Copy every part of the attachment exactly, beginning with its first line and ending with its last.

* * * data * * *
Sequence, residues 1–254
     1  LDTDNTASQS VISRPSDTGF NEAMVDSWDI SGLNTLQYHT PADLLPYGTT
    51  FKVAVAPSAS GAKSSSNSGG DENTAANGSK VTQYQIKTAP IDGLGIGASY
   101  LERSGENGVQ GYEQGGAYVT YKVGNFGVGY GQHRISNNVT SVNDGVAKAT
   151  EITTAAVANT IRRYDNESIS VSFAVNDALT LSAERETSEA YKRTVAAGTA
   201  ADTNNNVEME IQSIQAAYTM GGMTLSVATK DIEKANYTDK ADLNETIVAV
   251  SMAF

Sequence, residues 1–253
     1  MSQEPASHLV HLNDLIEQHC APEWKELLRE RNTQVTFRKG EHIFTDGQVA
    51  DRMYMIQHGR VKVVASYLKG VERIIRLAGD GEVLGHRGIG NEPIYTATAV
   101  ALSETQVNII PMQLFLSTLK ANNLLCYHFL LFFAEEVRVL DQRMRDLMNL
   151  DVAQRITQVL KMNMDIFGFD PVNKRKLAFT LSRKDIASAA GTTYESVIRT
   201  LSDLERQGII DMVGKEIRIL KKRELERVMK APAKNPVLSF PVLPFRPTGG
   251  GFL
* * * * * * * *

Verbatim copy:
Sequence, residues 1–254
     1  LDTDNTASQS VISRPSDTGF NEAMVDSWDI SGLNTLQYHT PADLLPYGTT
    51  FKVAVAPSAS GAKSSSNSGG DENTAANGSK VTQYQIKTAP IDGLGIGASY
   101  LERSGENGVQ GYEQGGAYVT YKVGNFGVGY GQHRISNNVT SVNDGVAKAT
   151  EITTAAVANT IRRYDNESIS VSFAVNDALT LSAERETSEA YKRTVAAGTA
   201  ADTNNNVEME IQSIQAAYTM GGMTLSVATK DIEKANYTDK ADLNETIVAV
   251  SMAF

Sequence, residues 1–253
     1  MSQEPASHLV HLNDLIEQHC APEWKELLRE RNTQVTFRKG EHIFTDGQVA
    51  DRMYMIQHGR VKVVASYLKG VERIIRLAGD GEVLGHRGIG NEPIYTATAV
   101  ALSETQVNII PMQLFLSTLK ANNLLCYHFL LFFAEEVRVL DQRMRDLMNL
   151  DVAQRITQVL KMNMDIFGFD PVNKRKLAFT LSRKDIASAA GTTYESVIRT
   201  LSDLERQGII DMVGKEIRIL KKRELERVMK APAKNPVLSF PVLPFRPTGG
   251  GFL